Last week, I was with a medical student on a day of doing straightforward cases on basically healthy patients under general anesthesia. That day, I wanted to give the medical student a chance to put in an IV. It was the end of third year, she said she had put in an IV successfully just the day before, I selected a nice young, skinny patient for her to try on, and I gave her a 20 gauge, which (for you non-medical types) is a small needle. Basically, I wanted to maximize the med student's chances of success, because then it's a feel-good experience for everyone. The med student had introduced herself to the patient out in the pre-op area, and then we all walked back to the OR, where I got the patient up on the table and set up all her monitoring. I set up all the IV stuff, put the tourniquet on the patient's arm, swabbed with alcohol, silently indicated a couple of good veins to aim for, and then discreetly stepped aside to let the med student start the IV. I didn't make a big deal of it. I didn't say to the patient, "Now I'm going to let our med student start an IV." I just stepped aside and let her try.

What happened was this: the med student hit the vein, got a flash, but probably her approach was a little too steep and the needle went through and through, leaving her unable to advance the catheter. I must have done this many, many times myself when I was learning to start IVs, but after you screw up a couple of times you modify your technique and you eventually get it right. I tried to help her adjust position, but the vein was already blown, and it became clear that we would have to try again.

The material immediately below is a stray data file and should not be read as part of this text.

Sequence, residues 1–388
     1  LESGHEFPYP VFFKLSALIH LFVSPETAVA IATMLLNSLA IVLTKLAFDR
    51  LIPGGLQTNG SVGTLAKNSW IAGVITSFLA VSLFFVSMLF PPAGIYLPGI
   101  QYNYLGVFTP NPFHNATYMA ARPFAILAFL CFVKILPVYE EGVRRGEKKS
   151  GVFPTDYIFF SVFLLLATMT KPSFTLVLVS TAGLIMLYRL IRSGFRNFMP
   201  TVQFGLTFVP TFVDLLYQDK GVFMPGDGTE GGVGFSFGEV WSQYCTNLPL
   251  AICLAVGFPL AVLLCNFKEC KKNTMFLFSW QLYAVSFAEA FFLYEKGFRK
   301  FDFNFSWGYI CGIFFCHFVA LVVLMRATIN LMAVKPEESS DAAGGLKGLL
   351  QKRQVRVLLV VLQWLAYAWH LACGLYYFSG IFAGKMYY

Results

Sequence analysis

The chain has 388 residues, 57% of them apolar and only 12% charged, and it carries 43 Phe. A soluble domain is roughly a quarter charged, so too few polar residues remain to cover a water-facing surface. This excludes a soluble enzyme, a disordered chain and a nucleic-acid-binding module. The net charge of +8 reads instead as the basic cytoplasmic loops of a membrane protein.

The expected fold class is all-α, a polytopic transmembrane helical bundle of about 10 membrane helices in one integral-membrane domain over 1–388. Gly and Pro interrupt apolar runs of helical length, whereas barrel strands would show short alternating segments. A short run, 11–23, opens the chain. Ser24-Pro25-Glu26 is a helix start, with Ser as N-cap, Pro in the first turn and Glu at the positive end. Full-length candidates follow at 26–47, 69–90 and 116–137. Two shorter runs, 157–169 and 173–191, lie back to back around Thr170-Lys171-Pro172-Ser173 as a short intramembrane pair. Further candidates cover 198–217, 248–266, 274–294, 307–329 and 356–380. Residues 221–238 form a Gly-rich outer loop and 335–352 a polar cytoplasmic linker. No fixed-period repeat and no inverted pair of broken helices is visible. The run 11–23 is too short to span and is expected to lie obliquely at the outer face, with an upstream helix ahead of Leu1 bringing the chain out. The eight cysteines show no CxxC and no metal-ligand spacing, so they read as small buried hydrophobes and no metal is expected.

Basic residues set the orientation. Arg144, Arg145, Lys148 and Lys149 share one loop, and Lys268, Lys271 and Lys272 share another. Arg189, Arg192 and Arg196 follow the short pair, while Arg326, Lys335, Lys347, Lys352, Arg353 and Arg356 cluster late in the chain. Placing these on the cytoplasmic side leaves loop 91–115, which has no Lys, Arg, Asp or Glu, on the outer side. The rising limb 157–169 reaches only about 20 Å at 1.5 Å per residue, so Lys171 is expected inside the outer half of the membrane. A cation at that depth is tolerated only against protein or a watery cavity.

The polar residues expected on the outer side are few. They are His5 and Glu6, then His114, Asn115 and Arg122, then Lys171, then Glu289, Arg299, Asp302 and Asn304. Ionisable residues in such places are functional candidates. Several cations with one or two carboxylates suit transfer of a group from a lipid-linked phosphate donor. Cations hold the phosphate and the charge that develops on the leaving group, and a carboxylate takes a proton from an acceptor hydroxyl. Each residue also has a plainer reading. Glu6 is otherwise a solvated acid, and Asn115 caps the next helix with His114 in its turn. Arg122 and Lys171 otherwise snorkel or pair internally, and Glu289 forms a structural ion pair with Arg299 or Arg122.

"What are you doing?" the patient started asking. "Why is she doing the IV? What is she, an intern?" She looked at me. "I want you to do it! You put it in!" I didn't say anything about the "intern" remark (figuring that it would only make things worse to remind the patient that the "intern" in question was in fact two years junior to an actual intern) but just quickly stepped up, slipped in an 18 gauge, and said in a cheerful voice, "Absolutely. Done. Now, what do you say we get you off to sleep?"

The patient calmed down and we induced general anesthesia without incident. After the tube was in and taped, I turned to the med student, who looked like she felt bad. "Don't worry about it," I told her, "you'll get the IV next time." We talked about her approach, how she could take a shallower angle next time, how to advance the catheter using just one hand instead of two, and that was that. As one attending told me early last year as I was berating myself for screwing up something or other, "You're supposed to make mistakes. If you could do everything perfectly already, you wouldn't need residency."

Obviously, this is true. Also, it deserves to be said that attendings can make mistakes, and resident can perform at incredibly high levels. But it does make me uncomfortable sometimes, thinking how much less I knew when I was an intern, or even as a first-year anesthesia resident, and how much responsibility I had at that time anyway. And it also makes me uncomfortable to know that if Cal had been the patient that day, surely there is no way that I would have let a needle-wielding medical student anywhere near him.

(And don't call me Shirley.)

Currently reading: "Incidental Findings." Did you know that Danielle Ofri wrote a second book? Neither did I, until today. Her first book, "Singular Intimacies," is about her medical training at Bellevue (and not, despite the title, about masturbation).